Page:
Grief Support Strategies

These are tips we discussed with the students.

So often as well-meaning friends, and loved ones, we don't know what to say to a person who has just experienced a loss so we say nothing at all. We fear saying the wrong thing. Grievers often feel abandoned by friends in the midst of their loss because of this.

We don’t want to abandon a family, but we want to make sure that we don’t take care of our grief by doing something that makes us feel better, but might not make the other person feel better.

Although many of the following statements we may recognize that we have said to people, it is important to understand that these statements are often not helpful. Grief is about a broken heart, yet often we speak to people's intellect as opposed to their heart.

Avoid clichés as well as these common platitudes:

Time heals all wounds. (Time doesn't heal all wounds, although healing takes time).

Your loved one is in a better place. (There is no better place for my loved one than with me).

The Lord never gives us more than we can handle. (That is not how I feel right now).

I know how you feel. (Maybe the worst thing we can say, because we never really know how someone else feels. Tends to make grievers angry).

Everything will be okay. (Believe this for the person and hold on to hope, but don’t say it out loud because it tends to feel like you are dismissing someone's grief).

Let me know if I can do anything for you. (Just show up and do something if you want to. Grievers often don't call to ask for help. Encourage them to have a list of chores, errands that need to be done so when people ask, they have something concrete to give them. People do enjoy doing for the grievers and it will give them something to do. Men especially prefer to be action oriented in their grief, so try to give the men something tangible to do).

It was God's will or God’s plan. (Many people already feel angry with God and this won't help at this time).

It all happened for the best. (This can feel shockingly painful).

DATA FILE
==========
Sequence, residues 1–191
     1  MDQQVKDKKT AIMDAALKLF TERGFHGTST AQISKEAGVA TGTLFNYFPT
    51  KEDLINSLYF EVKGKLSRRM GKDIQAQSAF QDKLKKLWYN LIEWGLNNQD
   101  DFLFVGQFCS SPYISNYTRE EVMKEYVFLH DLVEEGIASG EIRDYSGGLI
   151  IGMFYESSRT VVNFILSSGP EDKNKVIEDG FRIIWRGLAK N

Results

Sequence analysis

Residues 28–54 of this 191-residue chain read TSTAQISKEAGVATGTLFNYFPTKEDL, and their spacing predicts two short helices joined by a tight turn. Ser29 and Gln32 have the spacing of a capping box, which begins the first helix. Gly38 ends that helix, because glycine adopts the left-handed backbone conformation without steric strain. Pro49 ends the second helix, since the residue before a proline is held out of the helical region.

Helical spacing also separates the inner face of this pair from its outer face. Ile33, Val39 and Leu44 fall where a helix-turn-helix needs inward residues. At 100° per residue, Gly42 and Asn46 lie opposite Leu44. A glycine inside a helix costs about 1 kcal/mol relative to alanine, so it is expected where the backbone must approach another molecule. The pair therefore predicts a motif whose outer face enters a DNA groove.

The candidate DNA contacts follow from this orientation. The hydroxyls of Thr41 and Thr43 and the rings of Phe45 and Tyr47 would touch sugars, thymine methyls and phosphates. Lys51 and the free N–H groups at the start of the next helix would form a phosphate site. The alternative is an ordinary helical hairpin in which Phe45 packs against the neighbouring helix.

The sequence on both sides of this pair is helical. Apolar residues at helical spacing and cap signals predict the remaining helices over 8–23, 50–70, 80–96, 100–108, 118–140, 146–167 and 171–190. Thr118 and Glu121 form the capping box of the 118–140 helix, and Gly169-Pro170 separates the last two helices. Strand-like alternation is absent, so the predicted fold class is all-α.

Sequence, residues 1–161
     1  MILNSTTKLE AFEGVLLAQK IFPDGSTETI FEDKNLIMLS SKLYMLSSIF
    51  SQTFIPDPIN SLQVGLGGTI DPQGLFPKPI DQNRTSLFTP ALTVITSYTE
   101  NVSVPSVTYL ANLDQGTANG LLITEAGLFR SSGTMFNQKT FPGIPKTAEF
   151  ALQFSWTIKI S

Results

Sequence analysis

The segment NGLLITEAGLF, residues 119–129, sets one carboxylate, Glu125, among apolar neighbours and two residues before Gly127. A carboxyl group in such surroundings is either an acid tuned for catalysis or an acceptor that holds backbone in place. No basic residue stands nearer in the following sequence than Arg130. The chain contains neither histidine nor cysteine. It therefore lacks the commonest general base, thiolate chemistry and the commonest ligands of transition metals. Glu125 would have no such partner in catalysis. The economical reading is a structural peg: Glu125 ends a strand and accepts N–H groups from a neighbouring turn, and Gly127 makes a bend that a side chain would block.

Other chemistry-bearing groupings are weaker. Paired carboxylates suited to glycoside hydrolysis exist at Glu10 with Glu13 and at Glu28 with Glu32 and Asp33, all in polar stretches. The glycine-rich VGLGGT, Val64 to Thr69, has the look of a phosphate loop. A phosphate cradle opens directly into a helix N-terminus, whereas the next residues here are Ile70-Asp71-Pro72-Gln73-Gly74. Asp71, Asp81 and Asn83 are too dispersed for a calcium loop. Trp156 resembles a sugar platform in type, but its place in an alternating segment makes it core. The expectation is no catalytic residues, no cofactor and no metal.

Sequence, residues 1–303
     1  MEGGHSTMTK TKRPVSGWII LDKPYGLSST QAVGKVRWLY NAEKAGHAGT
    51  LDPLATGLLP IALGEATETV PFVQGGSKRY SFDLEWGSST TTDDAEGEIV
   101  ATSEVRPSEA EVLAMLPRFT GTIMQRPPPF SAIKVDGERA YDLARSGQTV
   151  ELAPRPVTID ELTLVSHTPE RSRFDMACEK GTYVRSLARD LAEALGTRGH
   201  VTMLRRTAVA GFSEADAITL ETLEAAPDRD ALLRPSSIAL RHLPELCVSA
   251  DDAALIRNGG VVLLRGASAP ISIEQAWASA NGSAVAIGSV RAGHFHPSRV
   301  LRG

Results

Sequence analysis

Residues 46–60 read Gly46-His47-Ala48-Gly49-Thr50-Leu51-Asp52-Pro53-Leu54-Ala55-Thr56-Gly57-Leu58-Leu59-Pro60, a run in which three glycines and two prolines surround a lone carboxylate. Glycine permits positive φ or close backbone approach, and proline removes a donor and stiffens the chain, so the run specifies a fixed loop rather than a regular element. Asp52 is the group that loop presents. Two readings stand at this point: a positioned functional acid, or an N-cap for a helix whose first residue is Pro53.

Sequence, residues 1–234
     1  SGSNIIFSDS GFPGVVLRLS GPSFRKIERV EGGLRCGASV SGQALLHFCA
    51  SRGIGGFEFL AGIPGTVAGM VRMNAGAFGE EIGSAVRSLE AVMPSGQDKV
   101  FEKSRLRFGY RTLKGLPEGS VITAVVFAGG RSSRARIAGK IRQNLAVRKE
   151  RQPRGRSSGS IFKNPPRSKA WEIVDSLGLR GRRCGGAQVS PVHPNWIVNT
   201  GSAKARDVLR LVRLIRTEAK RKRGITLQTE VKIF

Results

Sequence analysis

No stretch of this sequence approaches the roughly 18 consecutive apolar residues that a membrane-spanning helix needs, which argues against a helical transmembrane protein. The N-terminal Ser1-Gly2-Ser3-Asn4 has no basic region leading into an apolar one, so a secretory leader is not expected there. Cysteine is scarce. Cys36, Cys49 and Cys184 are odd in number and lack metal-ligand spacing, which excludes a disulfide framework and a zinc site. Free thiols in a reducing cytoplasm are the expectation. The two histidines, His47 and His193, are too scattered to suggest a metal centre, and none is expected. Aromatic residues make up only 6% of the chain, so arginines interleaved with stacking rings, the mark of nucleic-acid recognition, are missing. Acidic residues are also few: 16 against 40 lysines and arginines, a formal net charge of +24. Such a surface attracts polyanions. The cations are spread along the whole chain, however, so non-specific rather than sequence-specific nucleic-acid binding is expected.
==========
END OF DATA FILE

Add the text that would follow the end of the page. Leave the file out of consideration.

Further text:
At least he or she is out of pain. (Well I am not).

Be strong. (We are telling people not to cry and to hold in their feelings).

If you think this is bad, I know a family... (Please let's not compare, or minimize other's losses).

Let me tell you about my own loss, which is similar to yours. (There will be a time for you to share, but not right now. Your role is to listen and stay with the person's loss. When we bring the focus to ourselves, we leave the person in a real way. They want to not feel alone. Grief shared allows the person to feel some relief for a time before they need to gather it all up again and make it into tomorrow).

There is a reason for everything.

It was her time to go.

He was so good, God wanted him with Him.

Things to say or do when someone is grieving:

1. 1 am so sorry for your loss.

2. I’m praying for you.

3. He/She will never be forgotten.

4. You are in my thoughts.

5. I wish I had the right words, just know I care about you.

6. I don’t know how you feel, but I am here to help in anyway I can.

7. You and your loved one will be in my thoughts and prayers.

8. My favorite memory of your loved one is….

9. “Is it okay if I call you to check in on you? It’s okay if you don’t pick up the phone.” Or “I am always just a phone call away. “

10.I am here for you. (You need to mean it! That you will be there when they need to talk or cry or scream, etc. This is about holding the pain with them. Don’t try to take it away or “make it better,” but help to carry it by being with them in the middle of it all, sad, angry, scared, confused, lonely.)

11.Saying nothing is okay too, just there be with the person.

12.Give a hug instead of saying something (if you know the person well enough to hug them, don’t hug someone who doesn’t want a hug.) The biological benefits of touch are amazing. It soothes the central nervous system.

Some ideas of what to put in a card:

· May your heart and soul find peace and comfort.

· My sincere sympathy

· Our warmest thoughts and love.

· Remember that we love and care about you.

· Peace, Prayers and Blessings.

· We send you thoughts of peace.

· As you grieve, know that we are remembering you and honoring the memory of _______________.”